SSU spokeswoman Jean Wasp said the sapling arrived in late December and it will now grow in a special locked shade house for three years to protect it from rain, rodents and insects.
The sapling passed an inspection by a state pathologist last week, Wasp said. In three years it will be planted at the foot of the Erna and Arthur Salm Holocaust & Genocide Memorial Grove near the campus lakes area. When mature it will be 80 feet high and 75 feet wide, Wasp said.
SSU is the first of 11 locations to receive the sapling that was taken from the tree behind the annex where Anne Frank, her family and friends were in hiding from the Nazis for two years during World War II. The 150-year-old tree is battling a lethal fungus, Wasp said.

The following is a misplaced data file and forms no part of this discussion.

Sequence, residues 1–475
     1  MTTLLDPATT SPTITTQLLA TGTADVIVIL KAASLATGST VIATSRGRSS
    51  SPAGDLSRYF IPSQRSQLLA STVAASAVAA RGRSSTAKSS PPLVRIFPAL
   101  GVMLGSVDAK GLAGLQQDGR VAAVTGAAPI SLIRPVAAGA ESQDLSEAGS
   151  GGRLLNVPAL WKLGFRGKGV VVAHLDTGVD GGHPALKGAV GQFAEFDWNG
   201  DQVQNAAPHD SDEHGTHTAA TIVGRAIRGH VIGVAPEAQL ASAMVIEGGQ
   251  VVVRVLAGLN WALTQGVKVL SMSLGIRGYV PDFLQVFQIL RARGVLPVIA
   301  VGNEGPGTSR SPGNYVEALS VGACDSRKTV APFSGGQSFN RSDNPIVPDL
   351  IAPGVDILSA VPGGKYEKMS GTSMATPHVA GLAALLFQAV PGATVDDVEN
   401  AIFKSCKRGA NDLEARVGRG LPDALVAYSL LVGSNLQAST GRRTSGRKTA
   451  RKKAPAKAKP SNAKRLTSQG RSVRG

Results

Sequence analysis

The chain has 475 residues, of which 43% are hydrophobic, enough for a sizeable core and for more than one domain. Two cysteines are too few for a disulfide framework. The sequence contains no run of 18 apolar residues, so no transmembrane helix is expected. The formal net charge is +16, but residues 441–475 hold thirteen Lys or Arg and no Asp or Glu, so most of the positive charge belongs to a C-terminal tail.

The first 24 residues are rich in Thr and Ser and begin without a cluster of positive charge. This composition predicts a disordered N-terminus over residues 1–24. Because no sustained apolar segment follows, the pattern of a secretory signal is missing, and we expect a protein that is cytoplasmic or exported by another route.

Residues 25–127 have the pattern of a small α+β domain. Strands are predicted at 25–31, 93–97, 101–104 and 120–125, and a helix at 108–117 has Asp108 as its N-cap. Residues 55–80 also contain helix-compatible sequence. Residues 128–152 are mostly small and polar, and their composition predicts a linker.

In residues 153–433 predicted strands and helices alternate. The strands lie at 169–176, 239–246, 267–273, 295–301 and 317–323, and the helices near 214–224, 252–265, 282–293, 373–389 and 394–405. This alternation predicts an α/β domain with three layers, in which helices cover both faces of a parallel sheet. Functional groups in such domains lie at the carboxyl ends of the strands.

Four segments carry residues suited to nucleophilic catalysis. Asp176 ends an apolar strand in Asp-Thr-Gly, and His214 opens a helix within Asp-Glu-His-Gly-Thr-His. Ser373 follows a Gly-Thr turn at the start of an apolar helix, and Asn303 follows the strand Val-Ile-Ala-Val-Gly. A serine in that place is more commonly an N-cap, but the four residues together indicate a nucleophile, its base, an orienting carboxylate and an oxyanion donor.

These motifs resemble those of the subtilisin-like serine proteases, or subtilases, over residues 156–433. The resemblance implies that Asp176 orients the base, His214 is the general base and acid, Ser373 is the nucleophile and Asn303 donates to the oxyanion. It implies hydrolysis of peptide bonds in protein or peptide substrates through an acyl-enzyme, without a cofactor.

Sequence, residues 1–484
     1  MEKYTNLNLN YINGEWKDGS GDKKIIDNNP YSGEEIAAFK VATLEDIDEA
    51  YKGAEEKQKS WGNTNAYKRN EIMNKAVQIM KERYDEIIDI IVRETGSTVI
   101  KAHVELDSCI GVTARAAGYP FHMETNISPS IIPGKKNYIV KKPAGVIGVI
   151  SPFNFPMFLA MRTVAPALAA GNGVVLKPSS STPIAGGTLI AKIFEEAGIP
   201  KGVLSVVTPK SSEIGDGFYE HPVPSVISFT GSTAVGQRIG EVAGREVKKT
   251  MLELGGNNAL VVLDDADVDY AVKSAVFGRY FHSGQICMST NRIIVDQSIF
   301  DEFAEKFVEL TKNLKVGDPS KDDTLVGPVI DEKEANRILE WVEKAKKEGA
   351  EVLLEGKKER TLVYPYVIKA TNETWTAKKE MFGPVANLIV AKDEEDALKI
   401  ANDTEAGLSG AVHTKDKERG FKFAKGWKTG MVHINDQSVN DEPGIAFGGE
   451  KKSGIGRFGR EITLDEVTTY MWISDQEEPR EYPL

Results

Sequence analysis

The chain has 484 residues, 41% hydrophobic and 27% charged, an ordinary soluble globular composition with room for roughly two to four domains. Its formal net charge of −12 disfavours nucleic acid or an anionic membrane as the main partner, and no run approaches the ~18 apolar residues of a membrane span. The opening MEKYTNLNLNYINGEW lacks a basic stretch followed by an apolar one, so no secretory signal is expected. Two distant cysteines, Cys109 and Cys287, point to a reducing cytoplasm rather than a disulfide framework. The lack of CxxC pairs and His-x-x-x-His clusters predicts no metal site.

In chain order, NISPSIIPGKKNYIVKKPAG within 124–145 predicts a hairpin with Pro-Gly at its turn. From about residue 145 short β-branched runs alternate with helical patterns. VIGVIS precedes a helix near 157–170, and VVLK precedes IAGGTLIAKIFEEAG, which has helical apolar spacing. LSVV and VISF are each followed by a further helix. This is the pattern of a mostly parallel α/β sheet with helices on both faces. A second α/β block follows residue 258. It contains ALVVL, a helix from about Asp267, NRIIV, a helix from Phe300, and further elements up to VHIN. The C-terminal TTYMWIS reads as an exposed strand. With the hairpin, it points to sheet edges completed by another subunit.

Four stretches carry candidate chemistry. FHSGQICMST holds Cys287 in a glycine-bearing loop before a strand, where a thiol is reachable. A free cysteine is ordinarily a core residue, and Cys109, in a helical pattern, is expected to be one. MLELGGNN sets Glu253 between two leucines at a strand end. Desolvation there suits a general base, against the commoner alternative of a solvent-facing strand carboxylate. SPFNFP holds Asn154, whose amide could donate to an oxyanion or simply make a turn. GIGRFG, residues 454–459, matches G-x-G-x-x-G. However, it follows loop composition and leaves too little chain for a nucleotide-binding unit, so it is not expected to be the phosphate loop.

The Anne Frank Center USA and the Anne Frank House in Amsterdam donated the 11 saplings to sites in the United States. The remaining saplings are awaiting processing in a Maryland facility, Wasp said. One of them will be planted on the grounds of the White House.
The Rohnert Park site also includes a 10-foot light tower sculpture created by SSU Professor Jann Nunn.
Signs near the Anne Frank tree on campus will include words Frank wrote in her diary: "How wonderful it is that nobody need wait a single moment before starting to improve the world."